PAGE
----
- Date of Birth
- Place of Death:
- Charleston, SC
- Date of Death
- July 2, 1822
Denmark Vesey, a former African American slave, planned a large rebellion of former slaves and free blacks to coincide with Bastille Day celebrations in Charleston, S.C., in 1822. Vesey modeled his rebellion after the successful 1791 slave revolution in Haiti. His plans called for his followers to execute their slave masters, liberate the city of Charleston, then sail to Haiti before the white power structure could retaliate. Two of the slaves involved leaked details of the plot before it could be implemented. On receiving word of the plot, Charleston authorities mobilized quickly and arrested Vesey and his men. Out of 131 men arrested and charged with conspiracy, 67 were convicted and 35 were hanged, including Vesey.
Denmark Vesey was later held up as a hero among abolitionists, including Frederick Douglass, during the Civil War. Douglass used Vesey's name as a rallying cry in recruiting and inspiring African American troops, including the 54th Massachusetts Infantry.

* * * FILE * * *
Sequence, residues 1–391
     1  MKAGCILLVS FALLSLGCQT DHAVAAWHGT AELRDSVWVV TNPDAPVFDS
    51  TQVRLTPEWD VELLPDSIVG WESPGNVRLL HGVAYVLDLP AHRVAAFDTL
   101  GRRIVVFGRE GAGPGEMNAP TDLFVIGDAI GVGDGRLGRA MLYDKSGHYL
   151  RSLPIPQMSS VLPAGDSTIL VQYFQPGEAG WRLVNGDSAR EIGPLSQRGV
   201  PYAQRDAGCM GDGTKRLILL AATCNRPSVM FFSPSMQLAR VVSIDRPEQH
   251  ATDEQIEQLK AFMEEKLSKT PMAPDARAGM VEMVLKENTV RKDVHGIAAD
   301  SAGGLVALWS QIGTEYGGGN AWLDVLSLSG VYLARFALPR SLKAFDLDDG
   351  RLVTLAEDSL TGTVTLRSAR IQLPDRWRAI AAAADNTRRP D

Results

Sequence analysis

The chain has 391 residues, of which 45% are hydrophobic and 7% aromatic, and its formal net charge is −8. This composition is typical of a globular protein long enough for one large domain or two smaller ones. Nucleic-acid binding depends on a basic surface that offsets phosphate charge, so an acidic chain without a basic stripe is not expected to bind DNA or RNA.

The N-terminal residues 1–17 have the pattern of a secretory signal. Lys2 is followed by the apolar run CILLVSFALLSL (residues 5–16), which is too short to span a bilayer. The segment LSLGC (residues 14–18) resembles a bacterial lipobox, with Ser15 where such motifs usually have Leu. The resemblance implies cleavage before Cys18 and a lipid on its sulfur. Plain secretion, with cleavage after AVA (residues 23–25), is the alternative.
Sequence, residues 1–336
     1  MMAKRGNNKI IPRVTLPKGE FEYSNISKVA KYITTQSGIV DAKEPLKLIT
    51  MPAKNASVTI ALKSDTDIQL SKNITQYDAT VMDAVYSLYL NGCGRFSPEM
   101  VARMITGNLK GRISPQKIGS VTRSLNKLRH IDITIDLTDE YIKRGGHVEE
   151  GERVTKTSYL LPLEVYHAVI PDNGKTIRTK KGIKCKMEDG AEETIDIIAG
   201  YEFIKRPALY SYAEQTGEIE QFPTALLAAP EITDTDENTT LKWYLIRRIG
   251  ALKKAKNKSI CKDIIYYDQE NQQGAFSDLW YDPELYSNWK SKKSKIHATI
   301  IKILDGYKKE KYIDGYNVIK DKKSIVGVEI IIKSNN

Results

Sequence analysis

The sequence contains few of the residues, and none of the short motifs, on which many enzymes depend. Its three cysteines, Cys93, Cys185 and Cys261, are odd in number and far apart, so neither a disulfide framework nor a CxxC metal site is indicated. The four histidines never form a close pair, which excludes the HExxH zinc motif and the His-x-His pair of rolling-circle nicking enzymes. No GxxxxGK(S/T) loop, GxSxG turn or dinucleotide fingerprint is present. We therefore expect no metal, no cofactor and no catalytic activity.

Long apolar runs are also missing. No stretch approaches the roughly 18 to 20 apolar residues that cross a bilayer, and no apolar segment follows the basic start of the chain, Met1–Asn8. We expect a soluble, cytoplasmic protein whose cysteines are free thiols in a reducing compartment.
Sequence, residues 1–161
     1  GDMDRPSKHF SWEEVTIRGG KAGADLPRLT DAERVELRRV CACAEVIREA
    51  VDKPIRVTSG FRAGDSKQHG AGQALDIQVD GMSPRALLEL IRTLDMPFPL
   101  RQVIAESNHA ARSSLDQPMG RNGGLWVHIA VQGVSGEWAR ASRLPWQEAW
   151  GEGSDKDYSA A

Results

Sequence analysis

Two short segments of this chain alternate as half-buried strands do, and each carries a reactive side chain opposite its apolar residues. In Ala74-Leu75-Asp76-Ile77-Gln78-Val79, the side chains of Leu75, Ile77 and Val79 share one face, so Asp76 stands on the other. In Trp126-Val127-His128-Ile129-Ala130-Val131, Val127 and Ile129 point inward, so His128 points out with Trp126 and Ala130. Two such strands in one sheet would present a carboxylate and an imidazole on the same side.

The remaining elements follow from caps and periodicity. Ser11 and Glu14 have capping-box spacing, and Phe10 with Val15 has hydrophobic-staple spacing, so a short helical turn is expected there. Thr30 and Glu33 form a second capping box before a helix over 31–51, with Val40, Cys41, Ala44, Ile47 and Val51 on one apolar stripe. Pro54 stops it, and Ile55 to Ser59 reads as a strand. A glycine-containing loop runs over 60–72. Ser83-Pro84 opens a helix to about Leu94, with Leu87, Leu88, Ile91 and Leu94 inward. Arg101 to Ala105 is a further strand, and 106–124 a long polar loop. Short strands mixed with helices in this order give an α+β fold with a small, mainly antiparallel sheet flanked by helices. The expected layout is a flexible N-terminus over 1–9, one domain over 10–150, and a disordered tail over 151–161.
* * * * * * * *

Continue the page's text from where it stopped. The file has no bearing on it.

Vesey's date and place of birth are unknown, but while probably in his mid-teens he was sold to Carolina-based slaver named Joseph Vesey in 1781. Following the British evacuation in 1783, Vesey's owner settled in Charleston with young Denmark. Vesey eventually fathered three children by at least two wives. After winning a $1,500 lottery in 1799, Vesey purchased his freedom and set up a carpentry shop in Charleston, where he prospered. Vesey co-founded an African Methodist-Episcopal Church in 1816, which was suppressed by the white authorities four years later. The closure of his church and the continued enslavement of his children provided Vesey with ample motivation for planning an insurrection to free Charleston's enslaved people.